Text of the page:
Let a particular solution of the differential equation

$$\ddot{x}+2\gamma \dot{x}+\omega_0^2 x=\sum_{n=-\infty}^{\infty}c_n e^{i n \omega t}$$

be given by

$$x=\sum_{n=-\infty}^{\infty}\frac{c_n}{2\gamma i n\omega+(\omega_0^2-n^2 \omega^2)}e^{i n \omega t}.$$

Now this system is a damped driven oscillator, so the complementary solution is transient, leaving the particular solution. However, I would like to know what happens as $\gamma \to 0 $. I know that the system then becomes underdamped, and resonance occurs when $ \omega_0 \approx n\omega $, but what will be the resultant frequency of the motion (i.e. which of the undamped angular frequency $\omega_0$ or the driving frequency $\omega$ will prevail?) Also, as $\gamma \to 0$, the complementary function will subsist much longer, so what will be the consequence of this on the motion? I guess I am a bit confused about "frequencies of sums" in general.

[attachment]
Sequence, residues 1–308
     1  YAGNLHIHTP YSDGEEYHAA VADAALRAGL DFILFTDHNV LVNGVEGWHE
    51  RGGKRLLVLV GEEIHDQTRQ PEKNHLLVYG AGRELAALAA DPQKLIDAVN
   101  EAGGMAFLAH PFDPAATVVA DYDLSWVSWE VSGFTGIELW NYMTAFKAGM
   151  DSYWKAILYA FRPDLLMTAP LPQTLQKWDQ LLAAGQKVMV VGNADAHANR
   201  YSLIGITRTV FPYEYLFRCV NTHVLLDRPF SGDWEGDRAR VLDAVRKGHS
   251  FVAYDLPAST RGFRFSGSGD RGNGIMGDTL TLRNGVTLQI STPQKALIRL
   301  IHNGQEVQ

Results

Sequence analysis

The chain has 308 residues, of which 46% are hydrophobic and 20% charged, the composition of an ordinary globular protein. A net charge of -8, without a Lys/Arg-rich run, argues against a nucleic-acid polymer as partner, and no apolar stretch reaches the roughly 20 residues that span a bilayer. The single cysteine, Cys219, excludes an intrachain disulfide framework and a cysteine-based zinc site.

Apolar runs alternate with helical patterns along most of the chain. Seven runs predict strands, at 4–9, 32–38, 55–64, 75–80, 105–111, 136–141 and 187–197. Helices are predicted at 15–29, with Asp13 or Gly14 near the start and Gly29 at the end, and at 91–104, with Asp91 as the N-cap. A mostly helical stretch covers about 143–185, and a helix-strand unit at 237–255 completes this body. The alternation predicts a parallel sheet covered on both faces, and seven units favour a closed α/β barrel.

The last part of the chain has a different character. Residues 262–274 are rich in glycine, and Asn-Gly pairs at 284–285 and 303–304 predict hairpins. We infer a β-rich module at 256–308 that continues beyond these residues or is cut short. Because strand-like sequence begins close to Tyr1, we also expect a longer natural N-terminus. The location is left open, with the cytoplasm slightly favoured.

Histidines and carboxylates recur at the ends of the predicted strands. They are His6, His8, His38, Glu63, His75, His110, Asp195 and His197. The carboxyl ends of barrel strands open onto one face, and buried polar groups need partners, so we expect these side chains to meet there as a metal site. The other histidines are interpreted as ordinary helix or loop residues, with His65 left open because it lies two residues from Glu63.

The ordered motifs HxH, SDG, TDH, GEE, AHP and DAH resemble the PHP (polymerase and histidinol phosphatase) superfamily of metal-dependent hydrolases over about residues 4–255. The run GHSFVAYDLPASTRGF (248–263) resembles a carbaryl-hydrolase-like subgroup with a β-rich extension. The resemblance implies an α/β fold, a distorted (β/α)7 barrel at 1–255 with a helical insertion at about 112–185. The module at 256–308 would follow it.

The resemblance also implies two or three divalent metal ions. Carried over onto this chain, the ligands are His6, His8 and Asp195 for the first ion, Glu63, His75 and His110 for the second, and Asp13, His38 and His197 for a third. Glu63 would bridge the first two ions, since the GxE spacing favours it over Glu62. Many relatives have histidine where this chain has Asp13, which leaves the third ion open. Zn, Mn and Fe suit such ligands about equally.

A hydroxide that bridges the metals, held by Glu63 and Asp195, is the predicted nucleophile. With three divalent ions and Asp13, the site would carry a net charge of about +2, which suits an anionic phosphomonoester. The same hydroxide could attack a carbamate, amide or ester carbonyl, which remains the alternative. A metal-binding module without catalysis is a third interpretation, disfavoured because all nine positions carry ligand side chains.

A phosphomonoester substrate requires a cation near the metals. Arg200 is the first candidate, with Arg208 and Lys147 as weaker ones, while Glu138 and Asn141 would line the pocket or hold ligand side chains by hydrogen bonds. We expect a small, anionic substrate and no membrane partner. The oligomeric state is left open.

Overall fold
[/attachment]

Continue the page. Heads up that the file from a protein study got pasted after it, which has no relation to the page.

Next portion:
• 1
    $\begingroup$ For general initial conditions, the transient doesn't decay when the damping is zero and so the motion has both the natural frequency and the driving frequency (or frequencies) present. If a driving frequency matches the natural frequency, that component will increase linearly with time. Is this all that you're asking or is there something more that I'm not seeing? $\endgroup$ – Alfred Centauri Nov 10 '17 at 1:03
  • $\begingroup$ I think your question falls under the category of singular perturbation: en.wikipedia.org/wiki/Singular_perturbation . It is much like the behavior of polynomial roots of $\epsilon z^n + a_1 z^{n-1} + . .. +a_0 = 0$ as $\epsilon \rightarrow 0$. $\endgroup$ – hyportnex Nov 10 '17 at 2:42
  • $\begingroup$ I'm not too confused about the case when the damping is truly zero (although I'm not sure what you mean by the motion having both frequencies. What does that mean, practically? Isn't there a resultant overall frequency?). But what happens when the damping gets less and less? Thanks for that link about singular perturbations. I wonder at what level of study one would expect to encounter this technique. $\endgroup$ – Nerd Nov 10 '17 at 11:35

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